Tuesday, October 27, 2009

California Judge Vaughn R. Walker Tackles Procreation Argument: Prejudice as the Heart of Arguments vs. Same-Sex Marriage

Today’s New York Times has a fascinating article by Adam Liptak commenting on the decision of California federal Judge Vaughn R. Walker two weeks ago to permit a challenge to proposition 8 to move forward in the courts. Theodore B. Olson and David Boies have filed suit against prop 8 on the ground that this removal of the right of marriage from California’s gay citizens violates the U.S. Constitution.

Liptak reports that Judge Walker asked Charles J. Cooper, the attorney fighting to retain the ban on same-sex marriage, what harm would result if gays and lesbians were permitted to marry? Cooper is known for his erudite, well-researched briefs.

His reply to Judge Walker’s question: “Your honor, my answer is: I don’t know. I don’t know.”

I don't know.

This is a fascinating admission. One of the unintended effects (unintended by opponents of same-sex marriage, that is) of proposition 8 has been, in my view, to demonstrate to ever-wider groups of American citizens that, at its heart, the drive to outlaw same-sex marriage and to strip gay citizens of the right to marriage where it has been recognized rests on no rational, no compelling arguments.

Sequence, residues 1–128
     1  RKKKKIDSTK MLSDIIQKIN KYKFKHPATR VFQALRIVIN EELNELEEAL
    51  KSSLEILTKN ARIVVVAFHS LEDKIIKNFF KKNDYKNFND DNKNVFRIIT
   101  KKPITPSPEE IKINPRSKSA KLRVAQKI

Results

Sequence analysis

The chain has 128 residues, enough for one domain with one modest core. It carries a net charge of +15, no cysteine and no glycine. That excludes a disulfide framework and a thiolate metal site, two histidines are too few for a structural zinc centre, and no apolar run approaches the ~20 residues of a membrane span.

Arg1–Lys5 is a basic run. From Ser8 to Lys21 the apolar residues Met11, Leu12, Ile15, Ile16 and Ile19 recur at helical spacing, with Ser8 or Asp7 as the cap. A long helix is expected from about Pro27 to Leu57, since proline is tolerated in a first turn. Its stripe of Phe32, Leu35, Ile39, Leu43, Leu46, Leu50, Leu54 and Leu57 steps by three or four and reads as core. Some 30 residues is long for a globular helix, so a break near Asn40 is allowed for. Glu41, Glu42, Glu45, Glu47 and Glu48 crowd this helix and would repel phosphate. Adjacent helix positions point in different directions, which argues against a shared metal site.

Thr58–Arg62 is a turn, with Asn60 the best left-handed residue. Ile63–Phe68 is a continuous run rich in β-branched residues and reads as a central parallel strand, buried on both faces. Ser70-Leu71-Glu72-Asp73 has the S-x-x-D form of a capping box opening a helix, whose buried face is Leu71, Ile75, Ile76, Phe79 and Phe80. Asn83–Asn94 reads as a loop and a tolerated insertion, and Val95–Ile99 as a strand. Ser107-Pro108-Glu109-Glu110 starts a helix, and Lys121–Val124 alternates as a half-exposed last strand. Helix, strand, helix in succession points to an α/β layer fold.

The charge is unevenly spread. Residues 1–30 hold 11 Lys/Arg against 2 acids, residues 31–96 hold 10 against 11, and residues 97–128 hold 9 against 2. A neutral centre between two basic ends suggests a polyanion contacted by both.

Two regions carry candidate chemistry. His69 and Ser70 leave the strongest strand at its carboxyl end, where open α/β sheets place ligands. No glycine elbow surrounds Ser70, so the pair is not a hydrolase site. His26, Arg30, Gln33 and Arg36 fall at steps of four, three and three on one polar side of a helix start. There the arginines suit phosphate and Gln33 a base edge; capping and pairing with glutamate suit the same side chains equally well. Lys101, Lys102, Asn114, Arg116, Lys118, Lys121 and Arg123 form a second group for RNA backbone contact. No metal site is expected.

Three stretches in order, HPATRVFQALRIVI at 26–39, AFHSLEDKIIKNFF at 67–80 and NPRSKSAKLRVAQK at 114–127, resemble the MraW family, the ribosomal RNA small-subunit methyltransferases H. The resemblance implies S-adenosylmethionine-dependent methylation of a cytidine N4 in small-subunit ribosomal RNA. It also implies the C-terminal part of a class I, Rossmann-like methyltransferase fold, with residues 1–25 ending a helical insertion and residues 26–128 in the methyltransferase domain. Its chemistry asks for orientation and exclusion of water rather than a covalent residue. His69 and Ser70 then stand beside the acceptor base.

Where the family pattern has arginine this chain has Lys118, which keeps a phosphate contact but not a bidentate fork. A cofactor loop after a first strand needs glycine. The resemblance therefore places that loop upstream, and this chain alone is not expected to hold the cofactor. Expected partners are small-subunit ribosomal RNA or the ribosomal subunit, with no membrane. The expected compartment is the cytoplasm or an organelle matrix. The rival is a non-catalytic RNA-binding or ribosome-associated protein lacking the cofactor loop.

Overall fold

It is a drive fueled solely by prejudice, and that prejudice is becoming more apparent to growing numbers of Americans in the wake of prop 8. The well-worn argument that allowing gays to marry will harm the institution of heterosexual marriage or society in general rests on no sound evidence. The weight of evidence against this argument is considerable.

We all benefit when we permit those in long-term committed same-sex familial relationships to marry, to build stable unions that support the social contributions and constructive gifts of LGBT citizens to society. We all suffer when we deliberately target a group of citizens with no sound reason for adding burdens to their lives, thwarting their ability to live fulfilling lives that permit them to contribute to society. We all suffer when we enshrine prejudice in our core institutions, and when we cannot offer even a whit of a sound argument for that prejudice, except to point to it as though prejudice justifies itself, and to ask that we be permitted under law to continue acting out our indefensible prejudice towards a targeted minority.